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10.14: Wordiness

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  • How can writing be too wordy? It’s made of words, right? However, good writing means using the right words and sometimes the fewest words. Too many words, or too many vague or confusing words or phrases can actually cloud your ideas, making them hard to understand or less effective. Sometimes less is more.

    Here is an example:

    In this day and age of easy technology and hand-held devices and cell phones, it’s easy to communicate with pretty much anyone, almost anywhere, literally any time of the day. The question that this brings up is whether or not communicating all the time is good or bad. Because of the fact that we all need cell phones, we now rely on them too much.

    This passage uses 65 words to say what? Does it really need all those words? Are all the words actually doing anything or are they just taking up space?

    Let’s look at the passage more closely, commenting on the words and language.

    In this day and age (cliché and really long phrase) of easy not really specific technology and hand-held devices and aren’t hand-held devices also cell phones? Too much repetition cell phones, it’s passive voice-not really effective. Who is communicating? What does easy mean? easy to communicate with pretty much vague description anyone, almost what are the exceptions? anywhere, literally do we need all these descriptors? any time of the day. The question that this brings up wordy phrase is whether or not communicating all the time is more passive verbs good or bad. Because of the fact that don’t need this we all need do we? Support this? cell phones, we now rely on them too much vague—how much is too much?

    Now, we could rewrite this, being much clearer and more concise.


    Hand-held devices make communication effective; people can communicate instantaneously with others across the globe, both with audio and video. However, instant communication may come with consequences like dependence on cell phones.

    Now, we have 31 words to say what 65 did before—and it’s more concise and clear. To develop the paragraphs more, we can add examples, details, and maybe even research.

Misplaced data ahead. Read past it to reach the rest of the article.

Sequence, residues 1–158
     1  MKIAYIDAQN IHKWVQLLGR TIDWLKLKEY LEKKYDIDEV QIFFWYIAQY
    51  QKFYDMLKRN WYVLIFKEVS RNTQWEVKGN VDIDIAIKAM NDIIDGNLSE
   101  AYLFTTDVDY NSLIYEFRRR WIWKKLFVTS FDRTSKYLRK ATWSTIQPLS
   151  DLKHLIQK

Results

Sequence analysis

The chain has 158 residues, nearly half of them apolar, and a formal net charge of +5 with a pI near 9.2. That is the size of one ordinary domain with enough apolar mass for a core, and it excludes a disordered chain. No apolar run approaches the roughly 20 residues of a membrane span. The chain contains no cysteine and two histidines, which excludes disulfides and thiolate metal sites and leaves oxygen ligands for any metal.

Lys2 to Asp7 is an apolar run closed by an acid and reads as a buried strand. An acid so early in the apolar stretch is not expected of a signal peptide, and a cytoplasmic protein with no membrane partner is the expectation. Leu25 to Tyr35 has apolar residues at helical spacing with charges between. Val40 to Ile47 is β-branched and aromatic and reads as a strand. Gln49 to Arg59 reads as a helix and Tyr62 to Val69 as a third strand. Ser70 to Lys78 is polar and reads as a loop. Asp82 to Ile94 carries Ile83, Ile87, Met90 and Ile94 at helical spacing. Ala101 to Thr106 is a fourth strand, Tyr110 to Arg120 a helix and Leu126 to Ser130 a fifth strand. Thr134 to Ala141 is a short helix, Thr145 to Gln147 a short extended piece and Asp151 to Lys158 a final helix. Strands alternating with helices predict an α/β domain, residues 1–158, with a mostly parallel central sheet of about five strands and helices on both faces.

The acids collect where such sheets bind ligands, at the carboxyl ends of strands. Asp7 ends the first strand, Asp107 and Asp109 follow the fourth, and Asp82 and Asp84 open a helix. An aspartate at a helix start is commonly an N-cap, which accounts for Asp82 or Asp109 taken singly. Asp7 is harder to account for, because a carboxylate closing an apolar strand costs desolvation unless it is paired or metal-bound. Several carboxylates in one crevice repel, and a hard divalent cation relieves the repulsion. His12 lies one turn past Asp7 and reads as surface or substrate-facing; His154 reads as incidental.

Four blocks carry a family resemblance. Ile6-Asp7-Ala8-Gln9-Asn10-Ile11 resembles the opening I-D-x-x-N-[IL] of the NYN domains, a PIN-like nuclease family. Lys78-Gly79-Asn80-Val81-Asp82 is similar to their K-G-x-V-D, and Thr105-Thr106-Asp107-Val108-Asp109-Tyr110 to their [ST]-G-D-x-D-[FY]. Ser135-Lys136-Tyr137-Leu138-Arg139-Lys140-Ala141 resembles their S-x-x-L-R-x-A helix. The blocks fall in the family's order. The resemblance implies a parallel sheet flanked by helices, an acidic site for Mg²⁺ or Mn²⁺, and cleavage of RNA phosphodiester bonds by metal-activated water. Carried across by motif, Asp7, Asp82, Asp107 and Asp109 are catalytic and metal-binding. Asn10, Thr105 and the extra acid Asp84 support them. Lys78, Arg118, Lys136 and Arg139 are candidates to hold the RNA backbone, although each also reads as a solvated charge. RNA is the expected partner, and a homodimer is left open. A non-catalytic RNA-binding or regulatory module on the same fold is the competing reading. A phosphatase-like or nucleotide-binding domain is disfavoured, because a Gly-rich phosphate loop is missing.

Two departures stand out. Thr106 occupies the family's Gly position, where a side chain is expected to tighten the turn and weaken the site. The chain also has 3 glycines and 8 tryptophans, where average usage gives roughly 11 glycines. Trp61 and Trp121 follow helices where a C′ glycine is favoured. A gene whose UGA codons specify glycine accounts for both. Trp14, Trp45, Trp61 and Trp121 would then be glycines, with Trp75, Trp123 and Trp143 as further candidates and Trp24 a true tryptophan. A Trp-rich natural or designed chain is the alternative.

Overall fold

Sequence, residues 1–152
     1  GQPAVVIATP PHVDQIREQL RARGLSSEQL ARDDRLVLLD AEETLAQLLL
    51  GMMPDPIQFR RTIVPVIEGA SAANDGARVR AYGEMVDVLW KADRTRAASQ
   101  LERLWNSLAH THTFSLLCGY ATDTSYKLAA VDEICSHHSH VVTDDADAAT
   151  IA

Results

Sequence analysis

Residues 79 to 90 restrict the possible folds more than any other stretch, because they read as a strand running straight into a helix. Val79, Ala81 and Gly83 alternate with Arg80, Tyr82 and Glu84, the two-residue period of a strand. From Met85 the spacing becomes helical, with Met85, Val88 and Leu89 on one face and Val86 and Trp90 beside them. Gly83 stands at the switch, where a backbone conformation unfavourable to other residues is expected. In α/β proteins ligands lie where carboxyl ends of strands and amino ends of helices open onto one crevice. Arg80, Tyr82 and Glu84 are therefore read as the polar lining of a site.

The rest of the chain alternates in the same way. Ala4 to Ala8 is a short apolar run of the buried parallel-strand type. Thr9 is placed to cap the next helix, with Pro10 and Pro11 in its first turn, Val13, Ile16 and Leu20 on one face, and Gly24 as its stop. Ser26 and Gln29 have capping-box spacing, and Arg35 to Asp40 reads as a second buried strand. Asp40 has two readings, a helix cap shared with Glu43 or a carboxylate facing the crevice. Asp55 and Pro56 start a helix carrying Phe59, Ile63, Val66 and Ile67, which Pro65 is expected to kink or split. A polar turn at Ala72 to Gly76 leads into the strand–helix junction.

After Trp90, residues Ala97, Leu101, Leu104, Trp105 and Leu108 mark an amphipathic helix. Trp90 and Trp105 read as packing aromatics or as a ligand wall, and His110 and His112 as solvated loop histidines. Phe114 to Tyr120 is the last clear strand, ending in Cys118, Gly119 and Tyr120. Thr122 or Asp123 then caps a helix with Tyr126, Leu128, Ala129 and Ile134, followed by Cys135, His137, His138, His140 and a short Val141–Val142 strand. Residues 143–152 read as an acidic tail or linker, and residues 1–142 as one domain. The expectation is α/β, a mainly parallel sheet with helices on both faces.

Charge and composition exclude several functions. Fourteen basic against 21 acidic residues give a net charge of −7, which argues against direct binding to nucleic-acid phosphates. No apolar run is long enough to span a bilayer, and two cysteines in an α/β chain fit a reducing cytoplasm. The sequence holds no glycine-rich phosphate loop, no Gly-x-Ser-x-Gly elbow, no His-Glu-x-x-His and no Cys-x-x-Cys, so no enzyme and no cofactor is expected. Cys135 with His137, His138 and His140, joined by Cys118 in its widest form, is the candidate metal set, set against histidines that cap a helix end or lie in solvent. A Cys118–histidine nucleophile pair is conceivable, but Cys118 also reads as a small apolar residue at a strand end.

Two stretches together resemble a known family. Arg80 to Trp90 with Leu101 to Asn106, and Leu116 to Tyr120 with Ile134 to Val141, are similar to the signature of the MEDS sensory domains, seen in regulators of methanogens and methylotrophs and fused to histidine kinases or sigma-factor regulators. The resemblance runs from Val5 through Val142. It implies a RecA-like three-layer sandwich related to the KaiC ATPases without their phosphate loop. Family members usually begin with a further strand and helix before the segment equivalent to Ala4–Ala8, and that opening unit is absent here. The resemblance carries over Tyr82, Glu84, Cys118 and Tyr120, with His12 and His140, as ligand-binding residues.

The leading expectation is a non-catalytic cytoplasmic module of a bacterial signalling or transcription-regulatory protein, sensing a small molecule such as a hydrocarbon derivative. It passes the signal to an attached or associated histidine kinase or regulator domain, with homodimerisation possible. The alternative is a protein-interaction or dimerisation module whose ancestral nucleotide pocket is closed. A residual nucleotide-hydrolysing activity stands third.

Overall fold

This following section was adapted from Business English for Success:

    Identifying wordiness: Choosing specific, appropriate words

    Most college essays should be written in formal English suitable for an academic situation. Follow these principles to be sure that your word choice is appropriate.

    • Avoid slang. Find alternatives to bummer, kewl, and rad.
    • Avoid language that is overly casual. Write about “men and women” rather than “girls and guys” unless you are trying to create a specific effect. A formal tone calls for formal language.
    • Avoid contractions. Use do not in place of don’t, I am in place of I’m, have not in place of haven’t, and so on. Contractions are considered casual speech.
    • Avoid clichés. Overused expressions such as green with envy, face the music, better late than never, and similar expressions are empty of meaning and may not appeal to your audience.
    • Be careful when you use words that sound alike but have different meanings. Some examples are allusion/illusion, complement/compliment, council/counsel, concurrent/consecutive, founder/flounder, and historic/historical. When in doubt, check a dictionary.
    • Choose words with the connotations you want. Choosing a word for its connotations is as important in formal essay writing as it is in all kinds of writing. Compare the positive connotations of the word proud and the negative connotations of arrogant and conceited.
    • Use specific words rather than overly general words. Find synonyms for thing, people, nice, good, bad, interesting, and other vague words. Or use specific details to make your exact meaning clear.

    Let’s stop this overview of proofreading here—those are a lot of rules! We covered the main things to consider for proofreading, or copy editing. Remember that having a clean, proofread copy of your final draft is important. Your audience expects it.

    You gain credibility (ethos points) by following the standard rules of English in most contexts.

    Remember also that you can proofread while you write, or while you revise, but you should not let this get in the way of getting good ideas down—don’t “edit as you go” if this freezes you up, because all of the perfect proofreading in the world is not going to help a paper with bad ideas and incoherent content.

    Portions of this chapter were adapted from the book Business English for Success:

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